# How much does a 10kw solar system produce?

With the right weather and enough sunlight, at a given moment, a 10kW solar system is capable of producing 10 kilowatts, which is a substantial amount of power. However, what you pay for at the end of the month, and what really matters, is not Power (kW), but your energy consumption/production (kWh).

While the power rating of a solar system (10kW in this case) describes the rate at which the solar system can potentially generate energy, what matters most is how much energy does this system produce at the end of the day.

Therefore, the question that should be asked is not “how much power does a 10kW solar system produce?”, but rather “how much energy does a 10kW solar system produce?”.

The answer to this question is not universal and depends on many factors, but generally, it depends on your location.

In this article, I will show you how to determine the amount of energy that a 10kW solar system is expected to produce in your location. After that, I will answer a couple of questions related to the topic.

## How much energy does a 10kW solar system produce?

The amount of energy that a solar system produces, does not only depend on its power rating (kW) but on the amount of sunlight that it receives.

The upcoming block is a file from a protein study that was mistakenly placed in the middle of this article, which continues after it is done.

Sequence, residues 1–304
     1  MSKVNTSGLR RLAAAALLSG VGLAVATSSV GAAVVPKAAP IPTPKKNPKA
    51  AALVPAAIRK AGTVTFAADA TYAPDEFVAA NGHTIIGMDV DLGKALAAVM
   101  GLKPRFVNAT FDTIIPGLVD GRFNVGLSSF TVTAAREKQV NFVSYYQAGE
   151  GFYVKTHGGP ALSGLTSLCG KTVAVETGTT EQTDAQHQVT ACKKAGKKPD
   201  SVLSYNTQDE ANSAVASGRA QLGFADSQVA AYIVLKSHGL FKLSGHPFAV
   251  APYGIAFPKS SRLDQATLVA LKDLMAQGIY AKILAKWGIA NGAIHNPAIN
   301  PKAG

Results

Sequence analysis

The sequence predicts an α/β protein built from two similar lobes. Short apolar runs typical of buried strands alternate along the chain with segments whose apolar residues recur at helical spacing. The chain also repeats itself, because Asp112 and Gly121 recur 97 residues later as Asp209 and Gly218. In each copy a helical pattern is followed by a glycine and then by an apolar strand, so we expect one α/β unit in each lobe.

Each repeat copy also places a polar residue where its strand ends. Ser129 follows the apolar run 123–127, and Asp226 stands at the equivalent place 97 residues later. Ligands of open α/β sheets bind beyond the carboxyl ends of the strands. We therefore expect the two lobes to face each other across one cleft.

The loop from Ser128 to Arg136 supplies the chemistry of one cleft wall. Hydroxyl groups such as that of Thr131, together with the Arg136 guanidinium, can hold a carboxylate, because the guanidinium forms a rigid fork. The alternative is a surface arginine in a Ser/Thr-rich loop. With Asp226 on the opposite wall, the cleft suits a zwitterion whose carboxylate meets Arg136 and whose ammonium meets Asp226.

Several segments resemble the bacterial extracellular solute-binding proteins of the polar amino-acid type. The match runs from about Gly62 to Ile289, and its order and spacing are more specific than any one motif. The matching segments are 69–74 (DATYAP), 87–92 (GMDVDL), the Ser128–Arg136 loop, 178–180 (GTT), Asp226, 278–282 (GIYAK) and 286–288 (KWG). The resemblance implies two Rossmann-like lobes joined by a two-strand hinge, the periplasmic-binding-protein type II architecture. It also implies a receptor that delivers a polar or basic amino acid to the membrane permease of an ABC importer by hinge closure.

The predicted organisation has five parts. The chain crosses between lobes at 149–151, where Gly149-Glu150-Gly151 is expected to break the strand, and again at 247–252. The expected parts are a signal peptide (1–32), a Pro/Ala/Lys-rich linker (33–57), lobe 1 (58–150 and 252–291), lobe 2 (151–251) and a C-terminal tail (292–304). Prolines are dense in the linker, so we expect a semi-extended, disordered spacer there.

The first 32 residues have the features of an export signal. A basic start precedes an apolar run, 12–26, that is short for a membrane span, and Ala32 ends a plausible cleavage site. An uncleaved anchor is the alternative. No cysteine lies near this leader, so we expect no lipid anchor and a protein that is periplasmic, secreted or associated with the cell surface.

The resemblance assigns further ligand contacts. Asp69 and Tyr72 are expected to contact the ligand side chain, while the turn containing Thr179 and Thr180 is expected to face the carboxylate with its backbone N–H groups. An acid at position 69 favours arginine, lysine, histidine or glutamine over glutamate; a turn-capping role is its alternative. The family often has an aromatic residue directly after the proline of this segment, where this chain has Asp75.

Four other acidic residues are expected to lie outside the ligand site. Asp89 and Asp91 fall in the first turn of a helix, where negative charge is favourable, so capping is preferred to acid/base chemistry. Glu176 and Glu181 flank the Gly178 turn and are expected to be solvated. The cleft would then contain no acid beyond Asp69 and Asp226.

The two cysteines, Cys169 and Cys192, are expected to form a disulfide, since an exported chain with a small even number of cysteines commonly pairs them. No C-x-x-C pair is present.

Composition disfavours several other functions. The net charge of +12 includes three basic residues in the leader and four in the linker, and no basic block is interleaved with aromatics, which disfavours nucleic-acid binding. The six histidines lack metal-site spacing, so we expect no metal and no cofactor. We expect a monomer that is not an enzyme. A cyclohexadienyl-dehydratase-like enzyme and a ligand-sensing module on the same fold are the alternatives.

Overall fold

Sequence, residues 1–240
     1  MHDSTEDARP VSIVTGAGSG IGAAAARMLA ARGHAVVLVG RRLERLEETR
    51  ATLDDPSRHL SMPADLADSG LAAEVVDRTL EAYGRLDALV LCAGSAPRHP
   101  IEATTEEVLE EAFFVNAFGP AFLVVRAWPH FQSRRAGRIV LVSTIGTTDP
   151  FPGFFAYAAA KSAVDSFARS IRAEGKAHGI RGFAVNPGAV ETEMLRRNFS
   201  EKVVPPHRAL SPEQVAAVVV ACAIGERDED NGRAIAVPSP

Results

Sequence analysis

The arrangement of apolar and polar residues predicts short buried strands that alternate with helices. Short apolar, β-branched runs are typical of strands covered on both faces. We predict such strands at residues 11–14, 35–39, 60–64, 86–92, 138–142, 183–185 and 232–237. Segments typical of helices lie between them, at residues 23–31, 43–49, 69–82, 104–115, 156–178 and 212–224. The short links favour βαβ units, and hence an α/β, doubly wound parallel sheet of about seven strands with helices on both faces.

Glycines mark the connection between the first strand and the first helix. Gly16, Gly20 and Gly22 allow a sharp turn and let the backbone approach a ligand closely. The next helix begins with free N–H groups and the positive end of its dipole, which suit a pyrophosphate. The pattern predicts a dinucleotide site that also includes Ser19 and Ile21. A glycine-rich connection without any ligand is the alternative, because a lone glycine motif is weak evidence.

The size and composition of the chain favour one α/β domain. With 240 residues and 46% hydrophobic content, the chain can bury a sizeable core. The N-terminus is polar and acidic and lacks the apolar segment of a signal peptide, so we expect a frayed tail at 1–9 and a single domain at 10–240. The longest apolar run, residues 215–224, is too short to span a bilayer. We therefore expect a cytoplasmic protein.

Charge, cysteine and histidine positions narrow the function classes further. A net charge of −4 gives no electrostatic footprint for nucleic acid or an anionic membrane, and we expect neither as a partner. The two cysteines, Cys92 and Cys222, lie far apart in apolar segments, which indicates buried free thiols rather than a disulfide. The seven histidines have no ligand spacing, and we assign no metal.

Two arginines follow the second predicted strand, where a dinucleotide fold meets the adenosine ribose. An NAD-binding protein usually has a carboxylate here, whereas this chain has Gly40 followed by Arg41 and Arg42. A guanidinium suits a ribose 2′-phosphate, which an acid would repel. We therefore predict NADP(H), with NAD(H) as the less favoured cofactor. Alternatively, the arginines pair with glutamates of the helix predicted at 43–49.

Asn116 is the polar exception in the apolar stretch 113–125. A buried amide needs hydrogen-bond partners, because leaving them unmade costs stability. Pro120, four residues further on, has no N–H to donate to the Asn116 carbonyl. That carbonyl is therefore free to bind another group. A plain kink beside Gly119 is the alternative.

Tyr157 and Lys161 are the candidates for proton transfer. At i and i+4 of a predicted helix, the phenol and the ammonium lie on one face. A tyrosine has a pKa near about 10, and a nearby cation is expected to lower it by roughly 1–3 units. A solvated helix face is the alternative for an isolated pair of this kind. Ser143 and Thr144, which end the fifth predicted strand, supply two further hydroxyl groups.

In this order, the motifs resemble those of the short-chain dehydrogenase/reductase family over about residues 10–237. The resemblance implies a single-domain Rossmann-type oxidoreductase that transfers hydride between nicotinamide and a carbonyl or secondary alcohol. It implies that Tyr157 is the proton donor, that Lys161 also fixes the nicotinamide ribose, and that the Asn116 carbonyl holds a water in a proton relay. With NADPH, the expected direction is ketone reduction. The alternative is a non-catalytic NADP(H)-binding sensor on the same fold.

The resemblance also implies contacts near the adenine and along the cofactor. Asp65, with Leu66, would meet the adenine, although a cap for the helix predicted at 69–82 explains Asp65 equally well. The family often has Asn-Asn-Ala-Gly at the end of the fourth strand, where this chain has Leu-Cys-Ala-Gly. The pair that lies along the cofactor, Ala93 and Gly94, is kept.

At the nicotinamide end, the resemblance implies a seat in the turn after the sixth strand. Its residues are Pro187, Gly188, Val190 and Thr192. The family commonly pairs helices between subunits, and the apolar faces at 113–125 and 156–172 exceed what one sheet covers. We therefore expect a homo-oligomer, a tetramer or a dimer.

However, as a rule of thumb, a 10kW solar system would – on average – generate 40 to 55 kWh (kiloWatt-hours) of energy per day. This translates to between 1200 and 1700 kWh of monthly energy production.

This daily (and monthly) energy production will fluctuate depending on things like weather conditions and seasons. However, the average daily and monthly energy production of a 10 kW solar system can be determined, and will mainly depend on your location.

To best and easiest way to get an estimate, is to use the PVWatts Calculator by The National Renewable Energy Laboratory (NREL). The calculator is free to use, and all you need is an address:

This tool uses data from geostationary satellites (provided by NSRDB) to quantify sunlight, and therefore predict the amount of energy that a solar system is expected to produce based on a few variables that describe the solar system.

Aside from your location, the main variables are:

• DC System Size (kW): This describes the power rating of your solar system (10kW in this case)
• Tilt (deg): This describes the tilt angle of the roof section you are (or will be) using for solar. Or the tilt angle which you’ve chosen for your solar panels in case it’s a ground-mounted system (open rack).
• Azimuth: This describes the direction that your solar panels are facing. For example, if the solar panels are facing south, the Azimuth is 180 degrees.

Once you’ve submitted your address, go to the System Info section of the calculator, and make sure to submit the correct details:

In the DC System Size (kW) field, make sure to submit 10.